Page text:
SUN CITY, Ariz. — For Drs. Charles Adler and Thomas Beach, one of the most difficult parts of diagnosing Parkinson’s disease is that they could be wrong.
“There is no test, so we don’t have any way of looking at making a diagnosis while someone is alive,” said Adler, a neurologist with the Mayo Clinic in Scottsdale.
But Adler and Beach, a senior scientist at the Banner Sun Health Research Institute, are reporting strides in developing the first diagnostic test to detect Parkinson’s, a devastating and chronic neurological disorder.
A study they conducted through the Mayo Clinic and Banner Health found that examining a portion of a person’s saliva gland may allow doctors to diagnose the disease.
They will present the study in March at the American Academy of Neurology’s annual meeting.
Should this lead to a diagnostic test, Adler said he is pretty confident it will be able to change the course of the disease.
“Patients often undergo invasive treatment, and people who don’t have Parkinson’s don’t respond well,” Adler said. “Being able to tell people, ‘Yes, you do have Parkinson’s,’ would make it much easier.”
Diagnosis has for years occurred through a sometimes inaccurate examination of symptoms such as tremors, slowness of movement and muscle stiffness. Doctors have only found definitive answers through autopsies.
“That’s a big problem for clinical trials (of treatments or cures),” Beach said. “If you’re testing people with new drugs and only half actually have Parkinson’s disease, then right away you’re up against a problem.”
Adler said only 80 to 85 percent of patients autopsied actually had Parkinson’s, so a tissue test would guarantee diagnosis and lower chances of degeneration.
Beth Lee, 62, started showing symptoms of Parkinson’s almost nine years ago. She said she struggled turning her car keys, drawing circles and performing simple tasks, but having Parkinson’s never crossed her mind until she met with a specialist.
“I looked at him like he had 10 heads and said, ‘I have what?'” Lee said.
If she had the option of a diagnostic test, Lee said she could have saved the three years of degeneration it took to find out she had Parkinson’s.
Adler and Beach’s study tested tissue biopsies of 15 patients who showed symptoms of Parkinson’s for at least five years and responded to medications.
Of the 15 patients, 11 had enough tissue to examine. Of those 11, nine tested positive for the Parkinson’s protein.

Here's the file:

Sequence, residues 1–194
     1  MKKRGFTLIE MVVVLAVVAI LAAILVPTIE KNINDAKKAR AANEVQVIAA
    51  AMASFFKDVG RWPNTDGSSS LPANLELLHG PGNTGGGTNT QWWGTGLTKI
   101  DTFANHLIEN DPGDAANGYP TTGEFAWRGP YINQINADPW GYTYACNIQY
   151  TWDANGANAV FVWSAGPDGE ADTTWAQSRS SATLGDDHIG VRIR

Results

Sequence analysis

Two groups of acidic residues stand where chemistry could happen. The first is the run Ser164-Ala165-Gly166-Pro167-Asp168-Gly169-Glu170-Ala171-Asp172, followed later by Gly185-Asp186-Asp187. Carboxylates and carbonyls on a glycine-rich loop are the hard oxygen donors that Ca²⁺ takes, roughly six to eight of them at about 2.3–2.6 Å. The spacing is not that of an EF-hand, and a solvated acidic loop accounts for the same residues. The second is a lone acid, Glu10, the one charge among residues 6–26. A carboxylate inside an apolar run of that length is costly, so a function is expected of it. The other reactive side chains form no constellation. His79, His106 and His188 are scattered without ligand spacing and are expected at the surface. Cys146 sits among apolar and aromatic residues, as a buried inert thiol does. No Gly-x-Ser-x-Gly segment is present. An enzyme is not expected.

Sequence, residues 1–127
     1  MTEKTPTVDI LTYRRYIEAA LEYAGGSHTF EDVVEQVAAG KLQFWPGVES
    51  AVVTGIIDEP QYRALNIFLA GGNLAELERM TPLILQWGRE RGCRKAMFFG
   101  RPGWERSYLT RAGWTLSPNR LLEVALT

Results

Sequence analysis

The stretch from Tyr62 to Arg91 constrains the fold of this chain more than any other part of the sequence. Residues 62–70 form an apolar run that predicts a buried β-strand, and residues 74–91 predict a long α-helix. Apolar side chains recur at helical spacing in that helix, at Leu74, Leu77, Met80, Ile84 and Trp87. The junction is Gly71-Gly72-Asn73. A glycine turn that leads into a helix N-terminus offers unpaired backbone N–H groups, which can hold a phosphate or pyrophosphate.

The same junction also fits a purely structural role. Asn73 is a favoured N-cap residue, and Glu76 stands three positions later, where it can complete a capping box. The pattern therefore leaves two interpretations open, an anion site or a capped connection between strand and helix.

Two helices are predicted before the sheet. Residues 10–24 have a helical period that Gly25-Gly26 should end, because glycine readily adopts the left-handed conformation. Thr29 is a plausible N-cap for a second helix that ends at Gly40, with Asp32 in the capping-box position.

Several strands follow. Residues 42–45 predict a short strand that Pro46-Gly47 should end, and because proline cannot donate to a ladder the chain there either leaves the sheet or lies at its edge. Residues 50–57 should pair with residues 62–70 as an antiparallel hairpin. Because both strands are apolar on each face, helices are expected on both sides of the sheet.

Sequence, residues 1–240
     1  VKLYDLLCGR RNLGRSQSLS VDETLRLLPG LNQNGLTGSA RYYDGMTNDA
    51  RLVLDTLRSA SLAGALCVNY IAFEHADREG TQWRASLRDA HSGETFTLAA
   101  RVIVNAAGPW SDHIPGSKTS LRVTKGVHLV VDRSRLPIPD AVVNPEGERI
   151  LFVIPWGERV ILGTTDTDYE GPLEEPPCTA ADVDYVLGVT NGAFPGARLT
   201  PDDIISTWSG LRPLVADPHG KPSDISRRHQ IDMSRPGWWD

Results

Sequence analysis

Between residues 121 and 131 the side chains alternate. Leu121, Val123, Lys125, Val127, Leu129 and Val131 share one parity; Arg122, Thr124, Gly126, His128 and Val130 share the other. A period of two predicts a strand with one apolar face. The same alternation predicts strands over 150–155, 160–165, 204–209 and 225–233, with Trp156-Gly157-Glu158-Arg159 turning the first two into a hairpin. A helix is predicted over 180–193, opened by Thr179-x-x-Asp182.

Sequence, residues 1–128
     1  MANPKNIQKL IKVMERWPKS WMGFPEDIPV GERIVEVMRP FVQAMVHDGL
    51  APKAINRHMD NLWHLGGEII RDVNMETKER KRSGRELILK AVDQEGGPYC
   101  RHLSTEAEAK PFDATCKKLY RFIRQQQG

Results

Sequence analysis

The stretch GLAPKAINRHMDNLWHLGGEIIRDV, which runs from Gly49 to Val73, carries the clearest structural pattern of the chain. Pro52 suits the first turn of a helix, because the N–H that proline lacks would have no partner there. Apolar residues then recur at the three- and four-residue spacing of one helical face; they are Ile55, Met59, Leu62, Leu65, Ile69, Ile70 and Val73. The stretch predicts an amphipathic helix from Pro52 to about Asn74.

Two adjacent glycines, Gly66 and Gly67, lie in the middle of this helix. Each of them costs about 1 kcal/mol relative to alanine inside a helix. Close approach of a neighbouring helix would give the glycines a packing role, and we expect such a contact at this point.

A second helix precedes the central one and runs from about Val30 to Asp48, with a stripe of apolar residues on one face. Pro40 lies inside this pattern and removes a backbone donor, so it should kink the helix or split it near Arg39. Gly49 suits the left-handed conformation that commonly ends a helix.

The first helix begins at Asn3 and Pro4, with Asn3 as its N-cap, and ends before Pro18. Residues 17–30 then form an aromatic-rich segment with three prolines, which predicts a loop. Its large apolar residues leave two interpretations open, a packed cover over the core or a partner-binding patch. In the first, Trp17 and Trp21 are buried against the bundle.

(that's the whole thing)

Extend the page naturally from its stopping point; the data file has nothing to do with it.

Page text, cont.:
Adler isn’t just professionally invested in this study. He has worked for nearly 30 years to improve the treatment and diagnosis of Parkinson’s, from which his grandfather suffered.
Some steps remain before a diagnostic test could be prepared for clinical use. Adler said the recent study and past autopsy results show the test’s success with advanced Parkinson’s patients, or those who have had the disease for at least five years.
But Beach said the team now needs to study the test’s accuracy on early Parkinson’s patients.
Tom Viviano, co-director of the American Parkinson’s Disease Association’s Arizona chapter, said the test could be helpful if a treatment or cure for the disease is discovered.
“This can become a way to routinely test for Parkinson’s,” he said.
- The 5 worst things you could do for your roof
- 6 coolest things brewing in Arizona
- The virus that keeps head and neck cancers on the rise
- State Fair ‘Kid Reporter’ has all the angles covered
- 4 important things to know about timeshare maintenance fees
- Signs of delayed car crash injuries
- The truth about sports concussions
- The Alzheimer's epidemic: Facts you need to know
- The season is here, keep your Fantasy Football team strong all season
- 8 TV shows you can't miss this fall
- Football is here: 6 tips to make this your best season ever
- Gameday recipes and beers to match
- 6 reasons the Cardinals are driven to win the Super Bowl
- The Pac-12 football season nears kickoff
- Tips to get ready for a pain-free golf season
- Protect your family with these 7 home security features
- How to train like an Olympic swimmer
- 2016 Olympics: A guide to must-see TV events
- The bride's guide to feeling your best on your wedding day
- Deciding when you need knee surgery
- Celebrating Fourth of July is much cooler in these AZ towns
- Top ten road trip bathrooms in America
- Six things causing a pain in your neck
- 5 things to make your summer move easier
- Three elements of a strong timeshare exit guarantee
- Stretches and exercises for carpal tunnel syndrome
- The best Major League ballparks have their own personality
- Comparing the best regular seasons: The '96 Bulls and '16 Warriors
- 3 Arizona road trips and the vehicles to get you there
- Colon cancer is preventable. Check these signs and symptoms to stay healthy.